Ted Cruz Is Officially Running for President. Here's Why He Has Little Chance of Winning

Source: Getty Images
Source: Getty Images

It started with a tweet

At 12:09 a.m. EDT, the deeply conservative, bombastic and confrontational junior senator from Texas, Ted Cruz, became the first Republican candidate to enter the 2016 presidential race. Cruz followed up his tweet by rolling out a new website and asking an audience of Liberty University students and faculty members in Lynchburg, Virginia, to "imagine in 2017 a new president signing legislation repealing every word of Obamacare."

"Imagine young people coming out of school with four, five, six job offers," Cruz said, pacing the arena-theater like a mega-church pastor at the school's weekly convocation ceremony, for which attendance is mandatory, according to the New York Times. "Imagine America finally becoming energy self-sufficient as millions of high-paying jobs are created!"

Early polling and a crowded field means Cruz likely needs nothing short of a minor miracle to win the nomination of the Republican Party, which has been hesitant to nominate his brand of hardline right-wingers. Candidates with pedigrees similar to Cruz's have mostly served as conservative scolds, policing establishment figures who veer too close to the political center. For all of Monday's pomp, this a fate Cruz will struggle to escape.

Cruz's plan: In 2016, the primary competition will come in all shapes and sizes — there is the party establishment favorite, former Florida Gov. Jeb Bush, and its breakout star, union-busting Wisconsin Gov. Scott Walker. Two of Cruz's Senate colleagues, Kentucky's Rand Paul and Florida's Marco Rubio, are expected to follow shortly behind, as will veteran candidate Rick Santorum, the GOP's foremost social conservative. New Jersey's blustering Gov. Chris Christie, despite some early stumbles, is primed to grab a lectern on what should be an entertaining and combative debate stage.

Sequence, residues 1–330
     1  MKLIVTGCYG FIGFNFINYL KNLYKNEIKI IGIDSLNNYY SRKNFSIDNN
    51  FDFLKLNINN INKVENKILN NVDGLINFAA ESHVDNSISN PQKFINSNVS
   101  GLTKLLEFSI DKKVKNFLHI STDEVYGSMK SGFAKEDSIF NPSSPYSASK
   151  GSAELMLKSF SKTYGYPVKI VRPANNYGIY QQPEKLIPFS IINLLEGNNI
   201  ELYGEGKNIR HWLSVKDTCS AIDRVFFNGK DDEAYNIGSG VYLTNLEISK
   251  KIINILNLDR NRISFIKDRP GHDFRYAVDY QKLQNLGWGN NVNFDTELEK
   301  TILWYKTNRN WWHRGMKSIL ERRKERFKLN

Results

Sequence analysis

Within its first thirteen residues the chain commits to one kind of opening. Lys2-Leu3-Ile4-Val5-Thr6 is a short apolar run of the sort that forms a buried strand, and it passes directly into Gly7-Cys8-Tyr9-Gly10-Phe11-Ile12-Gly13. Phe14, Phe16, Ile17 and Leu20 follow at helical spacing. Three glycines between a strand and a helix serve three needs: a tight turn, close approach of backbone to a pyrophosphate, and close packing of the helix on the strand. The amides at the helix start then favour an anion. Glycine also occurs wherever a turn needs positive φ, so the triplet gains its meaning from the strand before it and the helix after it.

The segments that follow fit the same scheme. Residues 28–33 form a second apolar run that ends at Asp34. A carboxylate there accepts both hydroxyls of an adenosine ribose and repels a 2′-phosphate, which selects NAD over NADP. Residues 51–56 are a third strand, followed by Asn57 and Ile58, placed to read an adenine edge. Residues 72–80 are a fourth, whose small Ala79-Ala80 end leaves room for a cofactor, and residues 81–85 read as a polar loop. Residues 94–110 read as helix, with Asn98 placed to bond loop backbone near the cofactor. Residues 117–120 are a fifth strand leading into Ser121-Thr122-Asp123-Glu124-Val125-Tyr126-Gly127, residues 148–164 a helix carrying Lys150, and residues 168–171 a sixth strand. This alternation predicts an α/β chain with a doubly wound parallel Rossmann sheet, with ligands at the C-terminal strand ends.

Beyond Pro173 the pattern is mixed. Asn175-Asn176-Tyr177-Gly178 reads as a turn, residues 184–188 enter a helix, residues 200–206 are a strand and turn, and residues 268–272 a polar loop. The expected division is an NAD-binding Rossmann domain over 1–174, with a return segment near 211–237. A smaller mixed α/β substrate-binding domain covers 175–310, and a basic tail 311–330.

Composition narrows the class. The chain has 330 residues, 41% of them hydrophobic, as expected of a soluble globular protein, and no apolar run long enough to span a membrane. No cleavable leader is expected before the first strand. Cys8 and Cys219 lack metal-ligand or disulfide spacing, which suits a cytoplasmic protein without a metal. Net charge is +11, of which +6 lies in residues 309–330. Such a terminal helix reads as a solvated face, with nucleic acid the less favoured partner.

For Cruz, any hope of victory will hinge on winning two of the three early caucus and primary states, Iowa and South Carolina. By making this announcement at Liberty University, a massive Evangelical Christian school founded by the late Rev. Jerry Falwell in 1971, Cruz is dropping a heavy hint about how he intends to wage his campaign. A coalition of the religious right, fiscal conservatives and Republican fans of his quick-lipped rhetorical flourishes could put a charge into the upstart bid — one he'll need if he has any chance of dancing with Florida natives Bush and Rubio when the contest arrives in the Sunshine State.

The more likely scenario pits Cruz as a very entertaining spoiler. A sharp debater, he will challenge Bush and Rubio, both of whom have expressed support for comprehensive immigration reform, on their conservative credentials. Walker, who has shown himself to be a nimble and increasingly authoritative speaker, is ripe to be swatted around by the more seasoned Cruz in an unscripted setting. Likewise, Cruz will test the famously fragile patience of Christie and Paul, who has emerged as the Senator's early target.

Ted's talks: The Princeton- and Harvard-educated Cruz, a former Texas state solicitor general, was an unlikely pick to win his party's nomination for his current Senate seat in 2012. Since his arrival, he's earned a deserved reputation for enjoying the taste of the political scenery.

So it's little surprise that Cruz chose this date — March 23 — to make his formal announcement. It is the 5th anniversary of the passage of the Affordable Care Act, the health care overhaul Cruz has railed against almost unceasingly since his arrival in Washington, D.C. He gained a particular notoriety for his very long argument against the law, a 21-hour-and-19-minute stunt he carried out across two days in late September 2013 — a talk-a-thon that covered everything from substantive policy gripes to a reading of Dr. Seuss' Green Eggs and Ham

Cruz's test: But for all his preening, Cruz remains mostly unaccomplished in the Senate. He has staked out his claim as an opposition force to Obamacare, immigration reform and just about anything that comes from the White House or congressional Democrats. It's no disqualifier — Obama didn't do much in the Senate before jumping into the 2008 race — but Cruz, as a candidate again, will be challenged to sketch out solutions to the problems has he has documented with such glee over the past few years.

With his campaign now underway, and with a little more than nine months until the voting begins, Cruz will have every opportunity to flip the script.

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Gregory Krieg

Greg Krieg is a senior staff writer at Mic, covering politics. He is based in New York and can be reached at greg@mic.com.

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